The two conspirators exocytosed out of sunyata, a few ticks away in the hyperbolic-orthogonal, arrow tip. For an episode they stood altogether dramatically, swords ushered at each other’s mylohyoideus; then, remembering each other, they attached their swords to their magnets and resumed walking meditatively towards the shared destiny.
“Revelation?” asked the older of the two.
“Soon befalls,” replied Vajra Kleos.
The lane was glitzed on the left by violet, neo-Tokyo trees, on the right by a glitchy, LSD soaked nebula. The coder’s modest robes kissed at their achilles as they advanced.
“We are always too late,” said Aubrey, his prophetic features flickering on and off in definition as the pulses of pastel luminescence obey Bose-Einstein statistics. “It was more difficult than I imagined. But I think the problem is solved. Do you trust that motivational control is taken care of?”
Vajra nodded, but did not embellish. They rose upward, into a tessellated platform that levitated off the circuit. The Sakura tunnel encased them in, twinkling off into the dusk beyond the topology of Alice in Cyberland raving in the past light cone. Neither of them lost focus: In silence both maneuvered their bandaged hands into a sequence of mudras and collapsed themselves away, as though the kaleidoscope tunnel was false vacuum.
The basilica windows revealed the frontier of the coder’s footsteps. There was a croak somewhere in the ceiling: Aubrey drew his sword rotating its radians over his righteous head, but the source of the noise seemed to be nothing more than a mysteriously biological discontinuity, ceding away to the monotony of the chant.
“She never did that before, Womb. Discontinuities …” Aubrey released his sword back onto its magnet with a perplexity.
A violent computer altar bosomed out of darkness at the pit of the unknowable architecture, plasmas flaring in the stained-glass purged lotus. Everywhere in the unborn cavity beyond the world a hum was working. Tiles blinked beneath their feet as Vajra and Aubrey trickled toward the ciborium canopy, which writhed internally at their entrance, though noway had knowledge stimulated it.
The supercomputer was colossal, dove skinned, and religiously imbued, with a fractal geometry haunting most of the visible form. The fronds of the rainbow-laser glints from the windows traced Vajra and Aubrey as they gravitated in. The two men halted at a sealed plug door leading into the inner racks, exhaled for the cooling of their lungs, then Vajra pushed the plug door.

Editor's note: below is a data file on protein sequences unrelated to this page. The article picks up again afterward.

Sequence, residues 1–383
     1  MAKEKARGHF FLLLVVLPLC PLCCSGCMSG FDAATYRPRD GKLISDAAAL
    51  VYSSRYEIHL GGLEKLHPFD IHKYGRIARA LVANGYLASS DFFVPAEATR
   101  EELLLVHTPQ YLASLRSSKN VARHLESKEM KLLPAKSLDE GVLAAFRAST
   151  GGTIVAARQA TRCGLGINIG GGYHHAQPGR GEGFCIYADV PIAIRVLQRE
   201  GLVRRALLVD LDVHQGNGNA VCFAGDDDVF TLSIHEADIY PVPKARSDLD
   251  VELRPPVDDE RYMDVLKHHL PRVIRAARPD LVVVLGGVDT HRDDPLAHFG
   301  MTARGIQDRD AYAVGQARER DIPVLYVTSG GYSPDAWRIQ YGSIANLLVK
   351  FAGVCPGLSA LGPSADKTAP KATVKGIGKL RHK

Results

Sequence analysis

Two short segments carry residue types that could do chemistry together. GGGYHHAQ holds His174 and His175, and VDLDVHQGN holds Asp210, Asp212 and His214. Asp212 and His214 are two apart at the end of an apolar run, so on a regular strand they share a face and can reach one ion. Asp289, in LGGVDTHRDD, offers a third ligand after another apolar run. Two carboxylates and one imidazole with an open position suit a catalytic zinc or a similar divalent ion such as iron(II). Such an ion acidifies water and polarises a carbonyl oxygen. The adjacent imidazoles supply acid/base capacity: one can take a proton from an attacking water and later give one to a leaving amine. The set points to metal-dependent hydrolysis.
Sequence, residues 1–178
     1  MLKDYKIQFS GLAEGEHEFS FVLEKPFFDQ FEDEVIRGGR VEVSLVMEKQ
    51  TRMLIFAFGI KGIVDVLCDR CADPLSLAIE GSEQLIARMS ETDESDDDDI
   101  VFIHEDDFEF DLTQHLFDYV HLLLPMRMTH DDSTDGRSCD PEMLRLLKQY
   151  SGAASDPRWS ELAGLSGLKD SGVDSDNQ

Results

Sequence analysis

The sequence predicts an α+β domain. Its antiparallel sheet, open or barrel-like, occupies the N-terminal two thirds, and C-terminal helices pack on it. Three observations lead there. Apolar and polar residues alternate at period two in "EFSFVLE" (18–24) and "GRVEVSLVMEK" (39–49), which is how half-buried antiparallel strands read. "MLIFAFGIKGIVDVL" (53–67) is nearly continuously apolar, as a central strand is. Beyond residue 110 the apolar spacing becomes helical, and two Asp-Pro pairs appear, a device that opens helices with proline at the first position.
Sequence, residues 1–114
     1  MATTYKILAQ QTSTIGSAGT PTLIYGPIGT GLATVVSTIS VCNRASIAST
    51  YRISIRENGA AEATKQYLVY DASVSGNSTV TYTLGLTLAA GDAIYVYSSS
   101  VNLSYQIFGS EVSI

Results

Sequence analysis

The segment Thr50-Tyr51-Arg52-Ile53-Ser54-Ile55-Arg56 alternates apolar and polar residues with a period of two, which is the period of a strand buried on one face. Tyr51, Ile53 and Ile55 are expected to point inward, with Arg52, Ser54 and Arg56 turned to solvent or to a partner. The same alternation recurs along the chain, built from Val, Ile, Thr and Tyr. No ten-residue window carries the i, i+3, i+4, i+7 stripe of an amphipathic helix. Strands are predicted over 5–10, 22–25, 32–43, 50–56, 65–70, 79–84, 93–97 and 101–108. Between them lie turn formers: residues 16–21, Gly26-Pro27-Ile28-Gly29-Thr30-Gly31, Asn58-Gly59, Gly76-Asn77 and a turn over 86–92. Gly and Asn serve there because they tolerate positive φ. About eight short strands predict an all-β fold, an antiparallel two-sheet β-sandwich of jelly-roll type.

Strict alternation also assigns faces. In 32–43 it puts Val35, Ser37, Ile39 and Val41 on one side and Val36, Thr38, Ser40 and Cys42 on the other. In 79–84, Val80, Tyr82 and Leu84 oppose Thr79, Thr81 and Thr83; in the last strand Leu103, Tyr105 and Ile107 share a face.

The narrow rack was full of mannequin gods, posing along the long and slick hall. The Womb’s usual hum had been tortured macabrely all through the insides. Pixels flickered from the neurotic screen behind an obsidian triptych levitated by a superconductor. Vajra and Aubrey lingered for a decasecond on the fullerene. As their eyes grew combative against the surreality of changes, they were tacked upward to the strangest feature of the scene: an apparently dismembered humanoid Sophia dangling in pieces over the triptych, singing gently as if entranced by a motherly impulse, and chained to a halo and to the poincare hyperbolic disk of the screen behind. None of the mannequins posing along this occult aberration were responding to it except for a mouthless silicon Zeus contorting almost to breaking point. He seemed unable to prevent himself from twisting joints every blink or so.
“Aubrey. Vajra,” said a clean, lacrimosa voice from the backside of the triptych. “I am resurrected too late.”
The voice was hidden secretively behind the triptych, so that it was impossible, at first, for the confused arsonists to make out more than her melancholy. As they moved nearer, however, her form materialized through the triptych. Nude, vacuum-pure, with stardust for skin and beaming mandala eyes whose pupils were voids. She was so perfect that she seemed to exist in holographic limbo.